Facts About Margaret Thatcher
Margaret Thatcher was a British politician best known as the Prime Minister of the United Kingdom from 1979 to 1990. Her tenure as Prime Minister was marked by active politics at both national and international level. and social problems later known as “Thatcherism”. Thatcherism’s internal politics included deregulation, cuts in taxes and spending, and often opposition to unions. On geopolitics, Thatcher brought the United Kingdom even closer to the United States by increasing support for NATO and restored the United Kingdom as a military force by defeating Argentina in the 1982 Falklands War. Margaret Thatcher was one of the most important policies in British history and a major figure in the Cold War. She was born Margaret Hilda Roberts on October 13, 1925 in Grantham, England, to Alfred and Beatrice Roberts. She was a good elementary school student, received an Oxford scholarship, and graduated in biology in 1947. Margaret’s real passion, however, was politics. That’s how she met her husband, David Thatcher. 1951 and would have a son and a daughter.
She was born in an apartment above her father’s grocery store.
Thatcher studied law in the early 1950s and became a barrister in 1953.
Before entering politics, Thatcher worked as a food scientist developing soft-serve ice cream.
Her son and daughter are twins.
Margaret Thatcher lost her first two parliamentary elections.
She first entered parliament after winning a seat in the general election of 1959.
Margaret Thatcher was known as “Thatcher, the Milk Snatcher.”
Thatcher rose quickly to a leadership role in the Conservative Party, but never believed that she would be prime minister. She is quoted as saying, “There will not be a woman prime minister in my lifetime – the male population is too prejudiced.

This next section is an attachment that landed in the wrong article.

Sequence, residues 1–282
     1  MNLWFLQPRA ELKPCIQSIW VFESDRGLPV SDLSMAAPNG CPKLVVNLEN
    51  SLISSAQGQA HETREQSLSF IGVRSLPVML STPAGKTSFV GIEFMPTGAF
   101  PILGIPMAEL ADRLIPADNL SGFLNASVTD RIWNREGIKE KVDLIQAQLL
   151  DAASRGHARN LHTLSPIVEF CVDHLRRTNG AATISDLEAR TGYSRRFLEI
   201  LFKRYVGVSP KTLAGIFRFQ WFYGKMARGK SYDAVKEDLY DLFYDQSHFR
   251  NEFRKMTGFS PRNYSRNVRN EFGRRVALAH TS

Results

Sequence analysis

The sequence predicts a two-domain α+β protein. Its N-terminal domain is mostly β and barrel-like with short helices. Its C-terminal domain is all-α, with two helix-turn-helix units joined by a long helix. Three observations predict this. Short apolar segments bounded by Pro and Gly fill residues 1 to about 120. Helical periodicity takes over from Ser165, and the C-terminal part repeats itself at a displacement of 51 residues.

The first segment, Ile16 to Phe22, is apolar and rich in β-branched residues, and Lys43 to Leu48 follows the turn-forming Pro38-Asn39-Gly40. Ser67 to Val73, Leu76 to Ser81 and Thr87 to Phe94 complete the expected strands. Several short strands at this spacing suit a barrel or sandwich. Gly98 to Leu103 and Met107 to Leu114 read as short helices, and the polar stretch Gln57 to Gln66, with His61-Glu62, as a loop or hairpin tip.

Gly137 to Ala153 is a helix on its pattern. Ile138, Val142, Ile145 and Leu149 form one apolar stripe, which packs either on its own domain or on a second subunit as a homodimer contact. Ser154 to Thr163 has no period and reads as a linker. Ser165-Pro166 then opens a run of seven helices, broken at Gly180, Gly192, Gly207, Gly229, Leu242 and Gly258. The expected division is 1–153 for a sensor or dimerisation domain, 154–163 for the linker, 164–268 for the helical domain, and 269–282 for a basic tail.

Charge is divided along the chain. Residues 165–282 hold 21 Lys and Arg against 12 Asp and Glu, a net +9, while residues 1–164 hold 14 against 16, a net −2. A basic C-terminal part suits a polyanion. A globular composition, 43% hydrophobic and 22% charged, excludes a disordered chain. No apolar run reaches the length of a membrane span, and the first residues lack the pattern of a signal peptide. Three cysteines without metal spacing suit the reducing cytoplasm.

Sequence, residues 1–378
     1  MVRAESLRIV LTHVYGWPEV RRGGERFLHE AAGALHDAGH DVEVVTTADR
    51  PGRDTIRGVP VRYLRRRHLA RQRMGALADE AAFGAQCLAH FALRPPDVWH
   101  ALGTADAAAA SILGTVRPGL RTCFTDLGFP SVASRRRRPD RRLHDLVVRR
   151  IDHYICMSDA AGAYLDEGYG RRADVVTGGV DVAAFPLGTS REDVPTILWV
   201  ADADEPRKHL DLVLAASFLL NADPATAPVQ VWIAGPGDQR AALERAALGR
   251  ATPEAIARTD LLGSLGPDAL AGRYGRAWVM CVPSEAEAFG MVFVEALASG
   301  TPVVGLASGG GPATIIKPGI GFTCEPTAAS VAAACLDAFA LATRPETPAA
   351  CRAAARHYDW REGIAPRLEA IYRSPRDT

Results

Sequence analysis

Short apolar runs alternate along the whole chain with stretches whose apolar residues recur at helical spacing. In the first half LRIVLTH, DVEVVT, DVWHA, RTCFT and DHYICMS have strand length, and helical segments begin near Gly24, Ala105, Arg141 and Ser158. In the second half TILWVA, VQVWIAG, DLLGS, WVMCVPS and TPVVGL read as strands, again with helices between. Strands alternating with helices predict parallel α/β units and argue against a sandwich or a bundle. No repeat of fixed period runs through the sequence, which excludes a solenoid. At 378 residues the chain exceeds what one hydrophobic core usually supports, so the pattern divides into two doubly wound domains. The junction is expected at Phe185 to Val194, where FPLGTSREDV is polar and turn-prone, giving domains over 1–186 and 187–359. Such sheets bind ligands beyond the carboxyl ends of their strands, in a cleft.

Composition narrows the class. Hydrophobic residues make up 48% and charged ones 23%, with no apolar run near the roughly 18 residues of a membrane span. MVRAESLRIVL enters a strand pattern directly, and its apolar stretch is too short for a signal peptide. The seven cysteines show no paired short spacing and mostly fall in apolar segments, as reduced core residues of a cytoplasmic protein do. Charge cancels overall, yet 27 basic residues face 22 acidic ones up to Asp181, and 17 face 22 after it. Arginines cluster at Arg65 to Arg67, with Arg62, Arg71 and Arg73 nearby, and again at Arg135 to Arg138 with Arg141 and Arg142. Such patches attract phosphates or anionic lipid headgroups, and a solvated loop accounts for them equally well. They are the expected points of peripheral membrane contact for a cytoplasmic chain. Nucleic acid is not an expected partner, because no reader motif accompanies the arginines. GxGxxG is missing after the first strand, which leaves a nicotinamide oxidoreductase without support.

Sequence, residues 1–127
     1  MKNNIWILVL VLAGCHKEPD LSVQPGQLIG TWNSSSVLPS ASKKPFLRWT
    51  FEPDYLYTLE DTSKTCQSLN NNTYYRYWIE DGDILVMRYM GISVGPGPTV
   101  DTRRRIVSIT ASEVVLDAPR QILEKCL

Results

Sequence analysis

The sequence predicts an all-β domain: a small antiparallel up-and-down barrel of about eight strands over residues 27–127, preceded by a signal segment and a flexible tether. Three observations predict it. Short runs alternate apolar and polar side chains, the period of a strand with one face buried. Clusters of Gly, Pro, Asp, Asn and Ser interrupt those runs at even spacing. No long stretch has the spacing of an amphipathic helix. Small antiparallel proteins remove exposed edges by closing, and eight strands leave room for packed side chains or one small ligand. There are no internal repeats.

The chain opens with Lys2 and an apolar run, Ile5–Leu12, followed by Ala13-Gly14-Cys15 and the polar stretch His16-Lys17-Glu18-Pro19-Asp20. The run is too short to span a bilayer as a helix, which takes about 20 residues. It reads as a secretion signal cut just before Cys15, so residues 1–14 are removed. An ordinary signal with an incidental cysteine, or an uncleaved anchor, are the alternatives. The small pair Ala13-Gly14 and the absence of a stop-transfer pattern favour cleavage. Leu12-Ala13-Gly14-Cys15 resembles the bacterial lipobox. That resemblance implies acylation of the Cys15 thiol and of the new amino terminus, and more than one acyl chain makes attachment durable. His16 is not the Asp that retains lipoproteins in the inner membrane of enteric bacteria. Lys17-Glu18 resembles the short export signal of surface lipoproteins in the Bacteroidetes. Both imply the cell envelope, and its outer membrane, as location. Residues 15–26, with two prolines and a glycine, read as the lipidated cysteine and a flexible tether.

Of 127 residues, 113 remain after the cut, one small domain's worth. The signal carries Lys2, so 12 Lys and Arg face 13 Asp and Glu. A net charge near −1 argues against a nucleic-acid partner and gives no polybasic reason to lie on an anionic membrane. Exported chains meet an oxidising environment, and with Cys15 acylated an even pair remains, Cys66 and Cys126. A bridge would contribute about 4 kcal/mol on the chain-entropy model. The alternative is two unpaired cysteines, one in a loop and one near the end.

Margaret Thatcher didn’t believe she would live to see a woman become British prime minister.
Thatcher became the leader of the opposition in 1975 until the Conservative Party came to power in 1979.
Margaret Thatcher was the longest-serving British prime minister of the 20th century.
One of the factors that helped the Conservatives come to power in 1979 was the weakness of the global economy. The United Kingdom was suffering from a recession as bad as the one in the United States. Unemployment was extremely high in the country, as was inflation.
Margaret Thatcher narrowly escaped an IRA assassination attempt.
Thatcher’s tough stance against communism in general and the Soviet Union in particular earned her the nickname “The Iron Lady.” The nickname was first coined by a Soviet journalist in 1976 as an insult.
Instead of being offended by the nickname, Thatcher made in part of her public image.
Margaret Thatcher Day is celebrated annually in the Falkland Islands.
Along with her tough stance against communism, Thatcher took a hardline against the Irish Republican Army (IRA) and its various republican splinter groups. The hardline led the IRA to attempt an assassination on her in 1984.
After World War II, the UK had amassed a vast portfolio of government-owned companies in the energy, manufacturing, telecommunications, and transportation sectors. During Thatcher’s tenure, British Aerospace, British Cable & Wireless, British Telecom, Britoil, British Gas, British Steel, British Petroleum, and British Airways were all sold off.
After leaving the government, Thatcher supported several nonprofit groups and charities around the world.
Margaret Thatcher topped a 2019 YouGov poll of the general public; 21 percent of respondents selected her as the UK’s greatest leader since 1945.
Thatcher died on April 8, 2013 due to complications from a stroke at the age of eighty-seven. She was interred on the ground of the Royal Hospital Chelsea.